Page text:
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Export Structure, FDI and Child Labour

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  • Busse, Matthias
  • Braun, Sebastian

Abstract

The paper addresses the linkage between certain aspects of the increasing economic integration of world markets and the level of child labour. We empirically examine, first, the often-cited conventional wisdom that multinational enterprises invest in countries where the extent of child labour is relatively high and, second, the concern that countries may gain an unfair comparative advantage in trade by using child labour. The results indicate that multinationals are highly sensitive with respect to the location of their transplants and prefer countries with lower levels of child labour. The opposite outcome applies to child labour and comparative advantage in labour-intensive goods, where we find a statistically significant positive relationship. Based on these results, the paper also discusses some policy implications on how to deal with child labour effectively. --

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Bibliographic Info

Paper provided by Hamburg Institute of International Economics (HWWA) in its series HWWA Discussion Papers with number 216.

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Date of creation: 2003
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Handle: RePEc:zbw:hwwadp:26174

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Web page: http://www.econstor.eu/handle/10419/20
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Keywords: Child Labour; Economic Integration; Trade; FDI;

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  1. Saqib Jafarey & Sajal Lahiri, 1999. "Will trade sanctions reduce child labour? The role of credit markets," Economics Discussion Papers 500, University of Essex, Department of Economics.
  2. Robert C. Shelburne, 2001. "An Explanation of the International Variation in the Prevalence of Child Labour," The World Economy, Wiley Blackwell, vol. 24(3), pages 359-378, 03.
  3. Jai S. Mah, 1997. "Core Labour Standards and Export Performance in Developing Countries," The World Economy, Wiley Blackwell, vol. 20(6), pages 773-785, 09.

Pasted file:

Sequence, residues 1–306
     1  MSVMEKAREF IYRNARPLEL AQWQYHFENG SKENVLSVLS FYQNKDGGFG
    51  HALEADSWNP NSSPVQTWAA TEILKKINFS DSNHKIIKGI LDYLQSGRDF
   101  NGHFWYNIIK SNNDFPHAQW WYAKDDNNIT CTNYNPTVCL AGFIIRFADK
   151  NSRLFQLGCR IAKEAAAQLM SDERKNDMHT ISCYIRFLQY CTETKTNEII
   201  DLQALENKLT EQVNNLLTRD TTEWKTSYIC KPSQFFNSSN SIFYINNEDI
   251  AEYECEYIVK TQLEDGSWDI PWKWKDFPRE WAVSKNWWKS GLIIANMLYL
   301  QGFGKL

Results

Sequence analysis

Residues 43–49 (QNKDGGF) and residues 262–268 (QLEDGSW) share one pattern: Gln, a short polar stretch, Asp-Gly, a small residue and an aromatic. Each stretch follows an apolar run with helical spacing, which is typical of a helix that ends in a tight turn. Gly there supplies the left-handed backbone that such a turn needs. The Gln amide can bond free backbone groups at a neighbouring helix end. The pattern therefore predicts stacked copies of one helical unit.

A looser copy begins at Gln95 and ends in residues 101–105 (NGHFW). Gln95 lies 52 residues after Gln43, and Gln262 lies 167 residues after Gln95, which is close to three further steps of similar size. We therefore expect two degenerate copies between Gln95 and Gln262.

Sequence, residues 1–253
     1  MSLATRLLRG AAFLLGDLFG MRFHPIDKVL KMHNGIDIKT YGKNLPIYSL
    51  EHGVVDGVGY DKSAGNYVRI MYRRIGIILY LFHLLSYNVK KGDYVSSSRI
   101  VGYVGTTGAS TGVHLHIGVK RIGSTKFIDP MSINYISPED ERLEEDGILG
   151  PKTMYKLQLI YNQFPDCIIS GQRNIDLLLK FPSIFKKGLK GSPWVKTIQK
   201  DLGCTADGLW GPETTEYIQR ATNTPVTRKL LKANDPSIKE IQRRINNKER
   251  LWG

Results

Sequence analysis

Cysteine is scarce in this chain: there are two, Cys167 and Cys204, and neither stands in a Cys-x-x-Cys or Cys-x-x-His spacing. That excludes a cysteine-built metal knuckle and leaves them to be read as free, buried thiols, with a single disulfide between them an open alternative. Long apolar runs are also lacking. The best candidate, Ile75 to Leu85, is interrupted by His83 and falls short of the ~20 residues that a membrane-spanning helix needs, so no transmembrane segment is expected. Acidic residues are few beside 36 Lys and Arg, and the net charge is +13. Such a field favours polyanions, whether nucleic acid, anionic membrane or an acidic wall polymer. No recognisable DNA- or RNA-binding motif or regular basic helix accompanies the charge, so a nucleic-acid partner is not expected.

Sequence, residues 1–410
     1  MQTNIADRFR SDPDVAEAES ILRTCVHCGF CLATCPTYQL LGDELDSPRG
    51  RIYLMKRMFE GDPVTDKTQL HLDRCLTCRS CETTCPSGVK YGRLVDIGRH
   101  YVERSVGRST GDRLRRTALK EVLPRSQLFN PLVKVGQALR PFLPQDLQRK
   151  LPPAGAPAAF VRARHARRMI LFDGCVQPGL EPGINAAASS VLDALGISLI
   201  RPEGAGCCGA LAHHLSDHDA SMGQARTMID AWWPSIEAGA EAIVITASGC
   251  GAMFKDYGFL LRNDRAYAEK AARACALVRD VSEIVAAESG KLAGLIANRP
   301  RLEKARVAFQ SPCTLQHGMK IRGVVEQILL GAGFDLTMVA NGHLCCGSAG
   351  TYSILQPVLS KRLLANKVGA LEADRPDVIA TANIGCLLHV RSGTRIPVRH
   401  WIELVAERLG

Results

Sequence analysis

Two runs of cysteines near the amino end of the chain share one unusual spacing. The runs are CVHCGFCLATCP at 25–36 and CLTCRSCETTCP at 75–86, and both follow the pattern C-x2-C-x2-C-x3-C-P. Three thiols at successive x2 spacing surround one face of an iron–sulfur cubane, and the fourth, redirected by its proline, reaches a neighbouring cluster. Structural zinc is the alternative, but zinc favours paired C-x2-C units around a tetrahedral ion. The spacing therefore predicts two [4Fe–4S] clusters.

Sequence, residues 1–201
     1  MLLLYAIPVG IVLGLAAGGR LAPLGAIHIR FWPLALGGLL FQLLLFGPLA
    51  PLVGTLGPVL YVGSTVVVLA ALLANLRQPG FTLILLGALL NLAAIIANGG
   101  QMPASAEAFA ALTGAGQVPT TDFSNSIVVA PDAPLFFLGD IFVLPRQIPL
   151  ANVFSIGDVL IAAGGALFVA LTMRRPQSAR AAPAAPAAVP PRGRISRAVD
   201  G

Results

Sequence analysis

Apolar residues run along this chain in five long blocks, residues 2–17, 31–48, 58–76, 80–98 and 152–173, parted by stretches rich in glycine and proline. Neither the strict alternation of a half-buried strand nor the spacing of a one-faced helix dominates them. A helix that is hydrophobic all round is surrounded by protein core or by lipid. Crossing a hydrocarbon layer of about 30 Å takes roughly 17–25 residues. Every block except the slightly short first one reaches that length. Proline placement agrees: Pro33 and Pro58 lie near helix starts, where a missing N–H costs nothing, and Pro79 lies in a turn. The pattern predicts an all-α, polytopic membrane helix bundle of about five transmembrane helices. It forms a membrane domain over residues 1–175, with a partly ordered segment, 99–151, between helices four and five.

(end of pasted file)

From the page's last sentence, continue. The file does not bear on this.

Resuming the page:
4. Philipp Harms & Heinrich Ursprung, 2001. "Do Civil and Political Repression Really Boost Foreign Direct Investments?," CESifo Working Paper Series 421, CESifo Group Munich.
  5. Eric Edmonds & Nina Pavcnik, 2002. "Does Globalization Increase Child Labor? Evidence from Vietnam," NBER Working Papers 8760, National Bureau of Economic Research, Inc.
  6. Carol Ann Rogers & Kenneth A. Swinnerton, 1999. "Inequality, Productivity, and Child Labor," Labor and Demography 9907003, EconWPA, revised 30 Jul 1999.
  7. Trefler, Daniel, 1993. "Trade Liberalization and the Theory of Endogenous Protection: An Econometric Study of U.S. Import Policy," Journal of Political Economy, University of Chicago Press, vol. 101(1), pages 138-60, February.
  8. Carol Rogers & Kenneth A. Swinnerton, 2001. "Inequality, Productivity, and Child Labor: Theory and Evidence," Working Papers gueconwpa~01-01-10, Georgetown University, Department of Economics.
  9. John F. Helliwell, 1992. "Empirical Linkages Between Democracy and Economic Growth," NBER Working Papers 4066, National Bureau of Economic Research, Inc.
  10. David KUCERA, 2002. "Core labour standards and foreign direct investment," International Labour Review, International Labour Organization, vol. 141(1-2), pages 31-69, 03.
  11. Gary Clyde Hufbauer & Jeffrey J. Schott & Kimberly Ann Elliott, 1990. "Economic Sanctions Reconsidered: 2nd Edition," Peterson Institute Press: All Books, Peterson Institute for International Economics, number 82, July.
  12. Busse, Matthias, 2002. "Do Labor Standards Affect Comparative Advantage in Developing Countries?," World Development, Elsevier, vol. 30(11), pages 1921-1932, November.
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Cited by:
  1. Dwibedi, Jayanta Kumar & Chaudhuri, Sarbajit, 2014. "Agricultural subsidy policies fail to deal with child labour under agricultural dualism: What could be the alternative policies?," Research in Economics, Elsevier, vol. 68(3), pages 277-291.

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